We have had customers ask about the blast pressure above 40 cal/cm^2. We’ve heard that being in an arc flash of this size will cause instant death from the blast pressure or an arc flash of this size will result in a closed casket instead of an open casket. We have also seen marketing information still available on the internet making similar claims
First of all, greater than 40 cal/cm^2 arc flash hazard has no direct relationship to blast pressure, this is a myth associated with arc flash hazard calculations. Test data supports that this is a myth and it has been debunked for some time now. Industry is taking a while to be re-educated because many electrical safety instructors incorrectly taught this myth for years.
This is a very good topic so there’s a lot of information here.
Codes and standards are meant to represent a minimum level of compliance, and it is certainly acceptable to develop a more stringent criteria, we see many companies take this stand. As an example, it is not uncommon for us to see a company create a 40 cal/cm^2 cutoff for their workers. More often we see an 8 cal/cm^2 cutoff, and any work above this would require an outside contractor. While some of the following are opinions of Rozel, we reference applicable source material when possible. We base our opinions on the latest revisions of applicable standards, and annually attend the IEEE 1584 workshop where the latest updates and papers are presented and discussed. As licensed engineers we are required to stay educated and we work tirelessly to stay up to date and ahead of changes to our industry.
“Table Method” aka “Category Method” for determining arc flash hazards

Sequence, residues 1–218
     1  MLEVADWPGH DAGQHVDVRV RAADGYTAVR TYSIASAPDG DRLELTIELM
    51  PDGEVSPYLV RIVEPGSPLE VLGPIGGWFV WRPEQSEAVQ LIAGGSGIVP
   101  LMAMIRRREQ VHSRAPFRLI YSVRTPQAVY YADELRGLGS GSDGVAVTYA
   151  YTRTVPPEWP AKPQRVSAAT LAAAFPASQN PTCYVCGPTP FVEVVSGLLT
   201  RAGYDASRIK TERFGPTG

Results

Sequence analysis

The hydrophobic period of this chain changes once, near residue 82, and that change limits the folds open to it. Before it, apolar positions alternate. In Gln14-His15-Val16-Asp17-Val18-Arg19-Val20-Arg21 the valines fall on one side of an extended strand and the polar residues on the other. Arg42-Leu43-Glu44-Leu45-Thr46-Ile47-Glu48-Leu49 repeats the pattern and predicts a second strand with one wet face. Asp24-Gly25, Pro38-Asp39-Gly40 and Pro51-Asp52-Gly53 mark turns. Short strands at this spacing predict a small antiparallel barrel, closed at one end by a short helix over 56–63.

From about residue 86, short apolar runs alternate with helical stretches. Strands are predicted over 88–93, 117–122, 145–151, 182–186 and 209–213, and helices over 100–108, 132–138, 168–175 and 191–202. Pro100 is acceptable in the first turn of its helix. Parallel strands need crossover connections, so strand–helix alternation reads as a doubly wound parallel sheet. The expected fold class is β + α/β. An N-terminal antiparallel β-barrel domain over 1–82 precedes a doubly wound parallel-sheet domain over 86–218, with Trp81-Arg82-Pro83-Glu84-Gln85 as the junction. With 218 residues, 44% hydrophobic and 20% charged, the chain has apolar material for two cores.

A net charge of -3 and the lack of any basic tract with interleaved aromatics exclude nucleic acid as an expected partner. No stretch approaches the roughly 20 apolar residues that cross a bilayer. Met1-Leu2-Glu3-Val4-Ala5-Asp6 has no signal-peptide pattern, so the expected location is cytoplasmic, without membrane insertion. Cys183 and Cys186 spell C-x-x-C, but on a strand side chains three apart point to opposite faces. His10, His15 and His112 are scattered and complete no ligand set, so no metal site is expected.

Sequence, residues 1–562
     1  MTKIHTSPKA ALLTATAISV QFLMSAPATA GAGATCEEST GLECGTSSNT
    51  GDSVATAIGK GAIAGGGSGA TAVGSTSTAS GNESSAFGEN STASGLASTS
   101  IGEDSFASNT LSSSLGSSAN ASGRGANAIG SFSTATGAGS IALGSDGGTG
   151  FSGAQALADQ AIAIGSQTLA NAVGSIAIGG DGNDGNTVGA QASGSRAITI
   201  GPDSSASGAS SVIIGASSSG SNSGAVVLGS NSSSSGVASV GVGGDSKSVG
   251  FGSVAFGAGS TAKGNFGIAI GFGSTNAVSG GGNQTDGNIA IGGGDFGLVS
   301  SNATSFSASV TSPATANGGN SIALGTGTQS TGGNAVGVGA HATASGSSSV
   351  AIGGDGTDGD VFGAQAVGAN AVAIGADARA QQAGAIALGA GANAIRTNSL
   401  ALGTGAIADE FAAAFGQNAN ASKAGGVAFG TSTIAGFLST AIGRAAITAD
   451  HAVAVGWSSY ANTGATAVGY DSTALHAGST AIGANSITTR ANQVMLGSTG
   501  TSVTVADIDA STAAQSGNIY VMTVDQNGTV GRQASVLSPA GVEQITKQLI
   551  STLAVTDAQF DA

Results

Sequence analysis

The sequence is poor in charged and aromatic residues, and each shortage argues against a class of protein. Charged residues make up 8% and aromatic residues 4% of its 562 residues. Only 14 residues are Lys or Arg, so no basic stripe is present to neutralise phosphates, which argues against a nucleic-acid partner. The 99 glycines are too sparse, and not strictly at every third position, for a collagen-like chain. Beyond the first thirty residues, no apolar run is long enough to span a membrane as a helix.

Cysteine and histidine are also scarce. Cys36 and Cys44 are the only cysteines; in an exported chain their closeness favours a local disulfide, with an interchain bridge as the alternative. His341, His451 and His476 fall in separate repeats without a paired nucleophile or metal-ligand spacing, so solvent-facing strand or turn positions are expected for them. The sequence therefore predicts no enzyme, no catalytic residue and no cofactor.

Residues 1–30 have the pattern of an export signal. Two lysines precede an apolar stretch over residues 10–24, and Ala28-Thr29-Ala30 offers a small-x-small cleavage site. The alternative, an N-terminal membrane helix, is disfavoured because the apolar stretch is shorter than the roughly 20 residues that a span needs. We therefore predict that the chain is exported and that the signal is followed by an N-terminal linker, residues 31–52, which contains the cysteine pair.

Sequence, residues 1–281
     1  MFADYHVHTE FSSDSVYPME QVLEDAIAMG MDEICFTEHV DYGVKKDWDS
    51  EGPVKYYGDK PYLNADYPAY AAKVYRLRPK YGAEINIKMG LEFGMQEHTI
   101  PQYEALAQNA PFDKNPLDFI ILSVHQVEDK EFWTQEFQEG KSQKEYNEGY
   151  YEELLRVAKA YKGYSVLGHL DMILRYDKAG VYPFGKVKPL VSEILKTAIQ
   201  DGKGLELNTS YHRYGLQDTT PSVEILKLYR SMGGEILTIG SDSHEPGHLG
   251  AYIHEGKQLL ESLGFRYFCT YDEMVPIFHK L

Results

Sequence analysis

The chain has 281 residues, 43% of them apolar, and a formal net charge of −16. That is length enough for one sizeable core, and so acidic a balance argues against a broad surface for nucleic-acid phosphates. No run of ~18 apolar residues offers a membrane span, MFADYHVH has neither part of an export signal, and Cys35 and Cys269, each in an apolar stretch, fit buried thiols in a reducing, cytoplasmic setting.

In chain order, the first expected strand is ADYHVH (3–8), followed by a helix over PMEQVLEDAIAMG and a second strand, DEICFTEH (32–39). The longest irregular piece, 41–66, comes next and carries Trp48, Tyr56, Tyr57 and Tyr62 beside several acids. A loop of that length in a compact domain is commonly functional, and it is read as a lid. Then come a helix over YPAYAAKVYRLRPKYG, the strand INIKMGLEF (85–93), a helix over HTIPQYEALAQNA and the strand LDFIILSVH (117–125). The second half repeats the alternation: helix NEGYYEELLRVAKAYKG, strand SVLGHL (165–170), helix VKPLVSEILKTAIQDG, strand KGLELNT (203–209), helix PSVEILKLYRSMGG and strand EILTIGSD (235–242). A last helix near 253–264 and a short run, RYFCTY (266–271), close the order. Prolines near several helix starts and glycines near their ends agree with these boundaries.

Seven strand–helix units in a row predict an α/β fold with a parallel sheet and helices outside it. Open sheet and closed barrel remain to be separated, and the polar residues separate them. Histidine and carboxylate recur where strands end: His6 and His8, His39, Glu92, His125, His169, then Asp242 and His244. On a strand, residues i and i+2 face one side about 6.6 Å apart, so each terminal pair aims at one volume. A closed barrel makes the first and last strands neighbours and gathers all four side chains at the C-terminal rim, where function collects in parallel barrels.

There are two methods for determining PPE (“table” or “calculation” method). This is a one or the other approach. They are not to be confused with each other as they have different parameters, requirements, etc. People will frequently confuse the two, or mention PPE by category when referring to the ATPV of the garment. Some garment manufacturers even include text on the garment that mentions Category X (this is another discussion). If someone mentions “category” this refers to a “table method”. The table method (NFPA 70E 2021 – Table 130.7 (C)(15)(a)) lists specific types of equipment with specific parameters of fault current and clearing time. As long as you meet the required parameters, then you select the appropriate category of arc flash PPE. Note, this method does not mention anything about the incident energy value. The highest PPE category, 4, requires a minimum arc rating of 40 cal/cm^2. This is the only top end cutoff for 40 cal/cm^2. The parameters in this table are actually rather conservative, and would yield values under 40 cal/cm^2 if calculations were performed. There is one important “gotcha” with the table- you must meet the required parameters to use the table. This means that if you don’t know the fault current OR the clearing time, then the table cannot be used. In order to know the fault current at each point in your system so that you can utilize the tables, you must model and calculate at each point. Although some try, it is almost impossible to do this without engineering software which is what we use for the actual arc flash hazard evaluation. In other words, with many systems, you must conduct an analysis to use the table! Check out NFPA 70E’s free viewer to find this information in the standard. CSA Z462 2021 (Canada’s equivalent to NFPA 70E) Clause 126.96.36.199.15 Arc Flash PPE category method is actually going to have a new arc flash PPE PPE category 5, 75 cal/cm^2 for 600V class switchgear. Members from CSA Z462 have been instrumental in advancing NFPA 70E over the last several editions and this should be an indication of things to come for NFPA 70E. If nothing else it proves that 40 ca/cm^2 is not the upper limit for proper protection (please don’t be misconstrued that 75 cal/cm^2 is the upper limit either). Read more about their changes here.